Biography of Hon. Winfield Scott Pope

For many years Winfield Scott Pope was rated as one of the most highly respected residents and most prominent attorneys of Jefferson City. As lawyer and lawmaker he left the impress of his individuality upon the history of city and state when he was called to his final rest at the age of seventy-four years. He always held to the highest standards and ethics of the profession, his success being attributable at all times to his marked capability and merit. The story of his professional rise and progress is an interesting one. He was born in Davidson county, North Carolina, July 20, 1847, his birthplace being a farm near Thomasville. His parents, Thomas and Mary Ann (Hale) Pope, were also natives of the Old North state, where their ancestors had lived for several generations. His grandfather in the paternal line was a noted Baptist preacher of North Carolina, while his great-grandfather Pope was a native of England and on coming to America landed at Nantucket, Rhode Island, but gradually made his way southward into Virginia. W infield S. Pope of this review was a descendant of George Whitefield Pope, who was a famous Baptist preacher at the time of the Revolutionary war, and of James Pope, a cousin of Alexander Pope. George Whitefield Pope was a very outspoken man who before the colonies entered upon armed conflict with England was condemned to be shot for treason because of his utterances against the British government. He strongly advocated American independence and it was because of this that he was condemned. However, he escaped and thus managed to save his life....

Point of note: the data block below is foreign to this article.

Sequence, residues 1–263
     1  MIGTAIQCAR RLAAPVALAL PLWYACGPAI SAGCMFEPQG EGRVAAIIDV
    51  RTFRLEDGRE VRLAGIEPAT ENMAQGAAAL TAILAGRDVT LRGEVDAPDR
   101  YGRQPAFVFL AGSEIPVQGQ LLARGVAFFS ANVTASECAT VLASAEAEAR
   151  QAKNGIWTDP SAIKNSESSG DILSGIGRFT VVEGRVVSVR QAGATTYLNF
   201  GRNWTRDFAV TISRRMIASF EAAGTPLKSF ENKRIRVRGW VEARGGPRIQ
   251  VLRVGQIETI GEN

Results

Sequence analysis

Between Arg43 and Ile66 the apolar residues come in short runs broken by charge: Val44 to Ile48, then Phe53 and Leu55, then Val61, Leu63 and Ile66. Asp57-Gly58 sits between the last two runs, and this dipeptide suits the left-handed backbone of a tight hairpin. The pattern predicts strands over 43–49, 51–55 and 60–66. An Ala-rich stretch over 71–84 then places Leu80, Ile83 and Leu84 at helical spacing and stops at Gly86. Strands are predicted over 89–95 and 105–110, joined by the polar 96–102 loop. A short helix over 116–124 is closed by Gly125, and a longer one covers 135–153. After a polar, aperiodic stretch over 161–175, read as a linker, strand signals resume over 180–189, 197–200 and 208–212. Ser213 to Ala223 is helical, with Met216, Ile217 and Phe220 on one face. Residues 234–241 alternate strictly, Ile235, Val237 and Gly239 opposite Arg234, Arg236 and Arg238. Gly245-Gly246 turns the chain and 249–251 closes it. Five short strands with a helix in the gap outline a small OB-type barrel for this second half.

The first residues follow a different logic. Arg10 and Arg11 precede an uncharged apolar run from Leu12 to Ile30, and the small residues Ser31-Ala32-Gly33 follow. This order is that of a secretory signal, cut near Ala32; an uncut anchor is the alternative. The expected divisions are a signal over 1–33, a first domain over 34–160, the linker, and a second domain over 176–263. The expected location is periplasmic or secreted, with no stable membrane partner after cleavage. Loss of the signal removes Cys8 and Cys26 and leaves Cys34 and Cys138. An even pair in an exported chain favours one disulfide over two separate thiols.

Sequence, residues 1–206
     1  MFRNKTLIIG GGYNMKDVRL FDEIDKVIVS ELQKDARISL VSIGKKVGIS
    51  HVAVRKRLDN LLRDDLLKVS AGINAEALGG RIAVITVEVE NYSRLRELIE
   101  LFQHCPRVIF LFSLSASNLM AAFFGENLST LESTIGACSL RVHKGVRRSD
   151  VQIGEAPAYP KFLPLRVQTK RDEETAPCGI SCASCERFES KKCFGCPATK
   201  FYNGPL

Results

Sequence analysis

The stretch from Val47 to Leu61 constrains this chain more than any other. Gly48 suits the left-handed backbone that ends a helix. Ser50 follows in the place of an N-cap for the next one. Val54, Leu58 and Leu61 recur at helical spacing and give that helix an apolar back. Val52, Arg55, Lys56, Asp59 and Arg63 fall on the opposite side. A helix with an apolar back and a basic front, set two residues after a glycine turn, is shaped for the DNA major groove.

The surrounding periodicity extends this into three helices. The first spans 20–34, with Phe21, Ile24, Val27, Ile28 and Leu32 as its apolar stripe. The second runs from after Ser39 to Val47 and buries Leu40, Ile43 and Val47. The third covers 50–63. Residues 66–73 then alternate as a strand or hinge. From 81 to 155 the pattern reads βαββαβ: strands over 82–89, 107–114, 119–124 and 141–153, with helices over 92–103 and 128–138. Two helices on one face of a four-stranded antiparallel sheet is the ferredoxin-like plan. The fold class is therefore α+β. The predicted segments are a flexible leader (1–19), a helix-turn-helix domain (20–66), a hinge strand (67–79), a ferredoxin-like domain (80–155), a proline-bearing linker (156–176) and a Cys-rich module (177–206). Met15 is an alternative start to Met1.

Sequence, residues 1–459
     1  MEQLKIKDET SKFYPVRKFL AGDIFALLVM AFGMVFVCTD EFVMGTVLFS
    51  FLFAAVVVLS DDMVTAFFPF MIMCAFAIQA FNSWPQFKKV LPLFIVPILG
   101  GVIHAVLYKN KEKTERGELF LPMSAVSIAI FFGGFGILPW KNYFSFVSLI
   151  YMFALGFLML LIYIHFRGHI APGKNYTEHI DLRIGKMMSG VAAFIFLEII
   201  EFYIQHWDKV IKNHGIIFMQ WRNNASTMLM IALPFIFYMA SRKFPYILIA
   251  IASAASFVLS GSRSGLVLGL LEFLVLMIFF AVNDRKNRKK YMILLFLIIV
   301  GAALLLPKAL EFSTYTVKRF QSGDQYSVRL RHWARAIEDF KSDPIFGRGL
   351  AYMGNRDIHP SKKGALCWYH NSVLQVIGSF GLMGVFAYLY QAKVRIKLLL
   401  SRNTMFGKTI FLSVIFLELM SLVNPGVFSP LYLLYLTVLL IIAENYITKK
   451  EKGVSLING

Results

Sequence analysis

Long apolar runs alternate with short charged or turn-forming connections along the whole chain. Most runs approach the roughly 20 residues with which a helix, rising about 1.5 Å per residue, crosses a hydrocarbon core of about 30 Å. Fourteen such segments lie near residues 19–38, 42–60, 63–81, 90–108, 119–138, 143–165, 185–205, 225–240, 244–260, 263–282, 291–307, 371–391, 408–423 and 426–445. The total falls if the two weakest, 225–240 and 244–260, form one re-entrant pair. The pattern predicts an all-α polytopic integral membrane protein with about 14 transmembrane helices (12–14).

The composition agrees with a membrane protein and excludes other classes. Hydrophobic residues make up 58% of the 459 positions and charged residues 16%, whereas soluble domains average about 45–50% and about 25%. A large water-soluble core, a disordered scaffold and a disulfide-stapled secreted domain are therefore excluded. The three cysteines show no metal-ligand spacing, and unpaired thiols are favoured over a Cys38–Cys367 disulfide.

Biography of Prof. J. M. Johnson

PROF. J. M. JOHNSON. This gentleman has resided in Christian County for the past six years, and though young, he is full of energy, business qualification and thoroughly fitted for the drug business which he is now following. He is a native of Webster County, Missouri, born February 24, 1862, but was reared principally in Wright County, this State. He is a son of J. C. and Mary (Russell) Johnson and the grandson of Spencer Johnson who was a Virginian by birth but of Scotch-Irish origin. The latter was an early pioneer of Tennessee, and some of the members of this family were active in both the Revolutionary War and the War of 1812. J. C. Johnson and his mother, who was a widow at that time, came to Missouri as early as 1832, about the time the Indians were moved westward by the Government, and settled in Wright, now Webster County, four miles from Seymour. There they resided until the breaking out of the Civil War, then moved to Arkansas. The father of our subject enlisted with Gen. Price and was with him in the Arkansas campaign and in the raid through Missouri. Previous to this he was married in Webster County to Miss Russell, and after cessation of hostilities he returned to Wright County. He participated in a number of hard-fought battles and was a fearless soldier. He and his wife are still living on the old farm in Wright County and are well respected in the community. The nine children born to them were named in the order of their births as follows: J. M., subject;...

Biography of Dr. A. J. Stephens